Tuesday, May 15, 2018


I follow the report below by the underlying journal article.  It is under the lead-authorship of none other than that dedicated Warmist Kevin Trenberth.  The article is actually a retreat.  The latest schtick from Trenberth and other Warmists is to admit that hurricanes have NOT become more frequent but have become stronger. Global warming sure is selective in its effects!

Some comments from meteorologist Joe Bastardi offering another interpretation of what happened:

The counter to this was written last year,  because it was just a matter of time before this came out.

Harvey could not have dumped that much rain without the major cold trough that trapped it. Also it was not as bad as Flora over eastern Cuba that got blocked in 1963 -- prompting Castro to blame the US.

The point is I wrote this last year, because it was just a matter of time before this started.

They are weaponizing weather, and this is a classic example

AS COASTAL cities brace for the coming hurricane season, the destruction of the last one is still having a big impact, particularly on the hobbled island of Puerto Rico. And scientists are already able to draw some big warnings from last year’s carnage. “Several aspects of the 2017 season were not ‘natural,’ ” a team of researchers wrote in a paper published this week in Earth’s Future, a peer-reviewed journal run by the American Geophysical Union. “The first was the role of human-induced climate change.”

About humanity’s role in worsening the catastrophe, the scientists left little doubt: “While hurricanes occur naturally, human-caused climate change is supercharging them and exacerbating the risk of major damage.”

Noting that 2017 saw three enormous hurricanes, Harvey, Irma and Maria, they focused on Harvey and the intense flooding it caused in Houston. Before Harvey came through, the oceans were the hottest on record. This heat kept the hurricane going — and more. The scientists found that, when Harvey traversed the Gulf of Mexico, it soaked up ocean heat via evaporation, packing more moisture into the atmosphere. Harvey then dumped record amounts of rain on Houston, flooding large swaths of the city. “Record high ocean heat values not only increased the fuel available to sustain and intensify Harvey, but also increased its flooding rains on land,” the researchers found. “Harvey could not have produced so much rain without human-induced climate change.”

Harvey was only a single event. But it was a spectacular one, and a useful case because the researchers could study its before-and-after effects reasonably isolated from other environmental influences.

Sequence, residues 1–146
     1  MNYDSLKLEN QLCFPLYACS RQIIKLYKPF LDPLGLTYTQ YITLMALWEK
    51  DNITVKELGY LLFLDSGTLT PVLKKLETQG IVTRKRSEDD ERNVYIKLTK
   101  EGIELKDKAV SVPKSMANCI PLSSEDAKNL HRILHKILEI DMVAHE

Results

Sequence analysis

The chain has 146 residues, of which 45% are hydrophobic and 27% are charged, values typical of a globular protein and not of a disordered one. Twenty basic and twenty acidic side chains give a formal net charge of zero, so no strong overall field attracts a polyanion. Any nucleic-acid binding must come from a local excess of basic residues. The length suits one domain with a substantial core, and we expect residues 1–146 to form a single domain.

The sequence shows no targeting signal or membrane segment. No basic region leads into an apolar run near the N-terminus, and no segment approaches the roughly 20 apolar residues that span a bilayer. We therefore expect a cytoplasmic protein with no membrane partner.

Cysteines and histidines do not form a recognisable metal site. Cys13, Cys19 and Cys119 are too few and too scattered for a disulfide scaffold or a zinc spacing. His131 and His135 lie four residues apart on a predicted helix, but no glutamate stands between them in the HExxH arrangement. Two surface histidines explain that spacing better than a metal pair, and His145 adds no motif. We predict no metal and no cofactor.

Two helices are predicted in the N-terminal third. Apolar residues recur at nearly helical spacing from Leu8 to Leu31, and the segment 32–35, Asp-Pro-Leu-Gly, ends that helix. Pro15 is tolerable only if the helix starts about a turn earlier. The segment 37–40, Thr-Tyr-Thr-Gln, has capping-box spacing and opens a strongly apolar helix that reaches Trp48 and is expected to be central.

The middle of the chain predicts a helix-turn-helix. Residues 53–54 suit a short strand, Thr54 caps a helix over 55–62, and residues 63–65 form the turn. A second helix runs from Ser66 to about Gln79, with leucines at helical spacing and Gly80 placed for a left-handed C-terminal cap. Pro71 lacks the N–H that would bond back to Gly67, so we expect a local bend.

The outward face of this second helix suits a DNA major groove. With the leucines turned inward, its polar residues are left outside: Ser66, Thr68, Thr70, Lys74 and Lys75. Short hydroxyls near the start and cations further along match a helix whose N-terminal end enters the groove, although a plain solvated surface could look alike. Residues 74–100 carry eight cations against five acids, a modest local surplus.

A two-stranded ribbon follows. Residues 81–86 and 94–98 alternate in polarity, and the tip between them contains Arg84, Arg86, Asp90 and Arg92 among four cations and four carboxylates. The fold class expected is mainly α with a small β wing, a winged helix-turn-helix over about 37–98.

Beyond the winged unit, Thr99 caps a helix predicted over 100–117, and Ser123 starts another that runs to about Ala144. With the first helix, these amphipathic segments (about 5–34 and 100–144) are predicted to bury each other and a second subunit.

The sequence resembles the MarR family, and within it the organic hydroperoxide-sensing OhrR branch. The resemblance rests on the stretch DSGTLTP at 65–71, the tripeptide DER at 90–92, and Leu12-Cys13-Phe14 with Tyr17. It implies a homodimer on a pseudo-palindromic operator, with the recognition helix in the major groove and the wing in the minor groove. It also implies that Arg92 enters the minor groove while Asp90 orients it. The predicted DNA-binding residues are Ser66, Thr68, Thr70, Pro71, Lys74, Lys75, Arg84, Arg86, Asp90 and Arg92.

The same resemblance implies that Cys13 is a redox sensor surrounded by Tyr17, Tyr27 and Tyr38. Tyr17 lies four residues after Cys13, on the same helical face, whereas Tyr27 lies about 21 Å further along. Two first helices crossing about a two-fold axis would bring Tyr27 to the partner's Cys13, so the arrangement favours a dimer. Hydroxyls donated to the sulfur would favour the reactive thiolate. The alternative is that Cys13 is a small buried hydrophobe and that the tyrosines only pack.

It is still a matter of debate whether climate change will increase the number of hurricanes, but it is more and more clear that human-caused heating of the planet will boost their severity. “There will be a warmer and wetter world over oceans, and more energy available for evaporation,” the researchers wrote. Nearly all of the extra heat trapped by the greenhouse gases that humans have produced goes into the oceans. More heat in the oceans means more water vapor and, therefore, heavier rain and more flooding.


Hurricane Harvey links to Ocean Heat Content and Climate Change Adaptation

Kevin E. Trenberth et al.


    While hurricanes occur naturally, human‐caused climate change is supercharging them and exacerbating the risk of major damage. Here, using ocean and atmosphere observations, we demonstrate links between increased upper ocean heat content due to global warming with the extreme rainfalls from recent hurricanes. Hurricane Harvey provides an excellent case study as it was isolated in space and time. We show that prior to the beginning of northern summer of 2017, ocean heat content was the highest on record both globally and in the Gulf of Mexico, but the latter sharply decreased with hurricane Harvey via ocean evaporative cooling. The lost ocean heat was realized in the atmosphere as moisture, and then as latent heat in record‐breaking heavy rainfalls. Accordingly, record high ocean heat values not only increased the fuel available to sustain and intensify Harvey, but also increased its flooding rains on land. Harvey could not have produced so much rain without human‐induced climate change. Results have implications for the role of hurricanes in climate. Proactive planning for the consequences of human‐caused climate change is not happening in many vulnerable areas, making the disasters much worse.


Trial Lawyers Suing Big Oil Over Climate Change Could Make Billions, Plus Fees